Porcine small intestine submucosal graft for endoscopic skull base reconstruction
Potential conflict of interest: B.A.W. is a consultant for ArthroCare ENT, Olympus, and Cook Medical.
Presented orally at the ARS Spring Meeting on April 11, 2012, Orlando, FL.
Skull base defects and encephaloceles of the sinus and nasal cavities are routinely repaired endoscopically using a variety of materials including bone, cartilage, fascia, acellular dermal allografts, and xenografts, with high success rates. However, there is a paucity of data regarding the use of porcine small intestine submucosal (SIS) grafts for endoscopic dural repair. The purpose of the current study was to review outcomes using SIS grafts in the endoscopic reconstruction of skull base defects.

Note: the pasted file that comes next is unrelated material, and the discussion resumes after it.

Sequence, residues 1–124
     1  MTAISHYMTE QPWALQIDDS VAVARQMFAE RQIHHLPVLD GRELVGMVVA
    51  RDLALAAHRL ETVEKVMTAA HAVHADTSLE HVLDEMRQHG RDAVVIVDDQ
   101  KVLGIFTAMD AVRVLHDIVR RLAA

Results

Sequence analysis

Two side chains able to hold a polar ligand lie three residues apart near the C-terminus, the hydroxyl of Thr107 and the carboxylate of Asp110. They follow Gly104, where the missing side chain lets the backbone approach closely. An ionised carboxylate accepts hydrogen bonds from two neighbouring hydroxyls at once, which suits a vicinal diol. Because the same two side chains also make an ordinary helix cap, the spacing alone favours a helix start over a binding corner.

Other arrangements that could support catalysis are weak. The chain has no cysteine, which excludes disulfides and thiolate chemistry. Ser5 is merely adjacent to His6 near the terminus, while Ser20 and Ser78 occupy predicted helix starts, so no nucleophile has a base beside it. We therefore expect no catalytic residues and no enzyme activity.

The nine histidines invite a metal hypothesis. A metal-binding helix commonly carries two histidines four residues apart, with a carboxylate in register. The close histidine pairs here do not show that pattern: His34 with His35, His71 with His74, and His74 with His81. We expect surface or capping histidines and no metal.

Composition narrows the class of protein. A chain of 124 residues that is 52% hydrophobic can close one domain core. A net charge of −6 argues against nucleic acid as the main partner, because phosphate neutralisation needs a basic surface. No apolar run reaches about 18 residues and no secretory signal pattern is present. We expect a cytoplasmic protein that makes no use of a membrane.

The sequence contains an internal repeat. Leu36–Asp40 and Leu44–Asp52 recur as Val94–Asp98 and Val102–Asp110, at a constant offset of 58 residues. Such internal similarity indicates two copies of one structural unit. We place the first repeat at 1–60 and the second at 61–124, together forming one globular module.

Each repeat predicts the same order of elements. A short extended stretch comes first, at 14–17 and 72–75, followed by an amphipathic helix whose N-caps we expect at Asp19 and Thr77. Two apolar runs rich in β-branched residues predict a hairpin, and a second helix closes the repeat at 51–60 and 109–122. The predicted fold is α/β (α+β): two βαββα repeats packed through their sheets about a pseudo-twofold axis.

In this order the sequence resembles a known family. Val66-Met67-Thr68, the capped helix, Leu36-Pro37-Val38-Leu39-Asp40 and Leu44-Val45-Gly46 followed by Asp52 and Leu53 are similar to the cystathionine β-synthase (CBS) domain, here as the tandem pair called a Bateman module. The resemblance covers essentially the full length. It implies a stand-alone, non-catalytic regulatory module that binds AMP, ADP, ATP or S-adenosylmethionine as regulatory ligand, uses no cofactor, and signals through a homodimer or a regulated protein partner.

Review of prospectively collected data regarding skull base defect repair using SIS was performed. Demographics, location, and size of skull base defect, method of repair, successful closure, and complications were recorded.
Over 4.5 years, 155 patients (mean age 49 years) underwent 170 primary skull base repairs using porcine SIS. Etiologies included tumor (76), spontaneous (51), trauma (37), and congenital (5). The majority of repairs were in combination with a nasoseptal flap (n = 113). Average defect size (length vs width) was 13 × 10.5 mm. Success rate on first attempt was 94.7% (161/170), and all defects were effectively sealed on subsequent endoscopic revision. The average follow-up was 77 weeks. Major postoperative complications, including recurrent cerebrospinal fluid (CSF) leak (9), meningitis (1), periorbital cellulitis (1), and invasive fungal sinusitis (1), occurred in 6.4% of individuals with no long-term sequelae.
Use of porcine SIS dural graft was associated with excellent outcomes in this study and evidence presented here supports its routine use in the endoscopic closure of skull base defects.